Agent-based simulations and network analyses reveal the strain structure of falciparum malaria
Harold Woodruff Theatre
Microbiology (Building 184)
The parasite Plasmodium falciparum is the causative agent of malaria, a major human health burden in sub-Saharan Africa. In endemic areas of high transmission, tens of thousands of genes encode for the major antigen of the parasite, resulting in an exorbitant number of distinct parasite strains, which cause chronic malaria infections. Human hosts gain specific immunity towards the different antigens they have been exposed to. This population memory gives an advantage to rare gene variants and a disadvantage to common ones. It is unclear, however, whether such immune selection acts as a dominant force in structuring parasites' enormous diversity, especially given the opposing mixing effect of high recombination rates. We propose the combination of network analyses of genetic similarity with agent-based models that track immunememory in each host, to identify signatures of dominant processes underlying strain structure.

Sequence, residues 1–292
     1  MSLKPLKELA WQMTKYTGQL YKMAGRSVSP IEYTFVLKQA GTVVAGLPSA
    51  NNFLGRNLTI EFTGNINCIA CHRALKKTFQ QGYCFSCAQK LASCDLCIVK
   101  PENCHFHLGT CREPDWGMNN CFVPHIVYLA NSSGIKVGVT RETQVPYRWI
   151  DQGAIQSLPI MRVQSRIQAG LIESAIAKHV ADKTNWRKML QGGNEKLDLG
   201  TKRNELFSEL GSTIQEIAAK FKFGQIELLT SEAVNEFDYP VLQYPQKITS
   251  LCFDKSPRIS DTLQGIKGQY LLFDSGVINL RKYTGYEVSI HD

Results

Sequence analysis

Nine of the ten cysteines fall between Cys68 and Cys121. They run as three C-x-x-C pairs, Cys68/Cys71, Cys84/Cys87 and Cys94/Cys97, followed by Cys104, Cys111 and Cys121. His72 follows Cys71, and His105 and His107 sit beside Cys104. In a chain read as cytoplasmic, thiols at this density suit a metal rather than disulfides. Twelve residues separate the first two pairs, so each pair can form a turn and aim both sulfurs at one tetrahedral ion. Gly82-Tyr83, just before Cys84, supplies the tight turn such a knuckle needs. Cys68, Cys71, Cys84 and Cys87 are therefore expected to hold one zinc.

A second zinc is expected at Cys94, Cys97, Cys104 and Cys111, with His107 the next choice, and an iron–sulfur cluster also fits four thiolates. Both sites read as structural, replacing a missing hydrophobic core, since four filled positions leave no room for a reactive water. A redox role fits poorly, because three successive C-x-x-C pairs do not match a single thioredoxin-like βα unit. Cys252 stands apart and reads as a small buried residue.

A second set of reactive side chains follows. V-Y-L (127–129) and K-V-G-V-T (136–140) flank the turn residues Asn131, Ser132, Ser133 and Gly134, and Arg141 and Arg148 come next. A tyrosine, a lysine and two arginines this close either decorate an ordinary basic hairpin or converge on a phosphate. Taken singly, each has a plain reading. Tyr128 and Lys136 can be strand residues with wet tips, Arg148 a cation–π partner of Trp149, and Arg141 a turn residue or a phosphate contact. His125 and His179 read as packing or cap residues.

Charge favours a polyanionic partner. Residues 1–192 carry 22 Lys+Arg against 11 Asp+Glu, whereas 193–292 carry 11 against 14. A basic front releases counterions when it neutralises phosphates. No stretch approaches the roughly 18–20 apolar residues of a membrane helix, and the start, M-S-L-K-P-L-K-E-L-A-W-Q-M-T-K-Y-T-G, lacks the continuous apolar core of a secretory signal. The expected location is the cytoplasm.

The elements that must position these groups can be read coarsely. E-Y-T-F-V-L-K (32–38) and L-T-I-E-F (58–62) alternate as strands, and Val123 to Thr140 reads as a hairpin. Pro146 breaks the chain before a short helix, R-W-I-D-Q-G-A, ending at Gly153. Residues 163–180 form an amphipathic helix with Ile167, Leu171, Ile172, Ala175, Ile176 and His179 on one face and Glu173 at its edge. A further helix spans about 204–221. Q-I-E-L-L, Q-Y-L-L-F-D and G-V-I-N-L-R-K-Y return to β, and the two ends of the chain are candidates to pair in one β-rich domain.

We test our theoretical predictions using empirical molecular data from Ghana, unique in their depth of population sampling. We find that networks of repertoire similarity show distinctive signatures of immune selection when compared to networks obtained with neutral models. Application of these network analyses to empirical isolates from asymptomatic infections from local populations in Ghana provides unequivocal evidence for an important role of immune selection at both static and temporal levels.
Dr Qixin He, Postdoctoral researcher
Dr Qixin He
University of Chicago
Qixin is an evolutionary biologist, passionate about building theoretical models and applying them empirically to understand the evolution and structuring of population diversities in spacetime. Currently, Qixin is a postdoctoral researcher in the group of Prof. Mercedes Pascual at the University of Chicago and completed a Ph.D. with Prof. L. Lacey Knowles at the University of Michigan, Ann Arbor.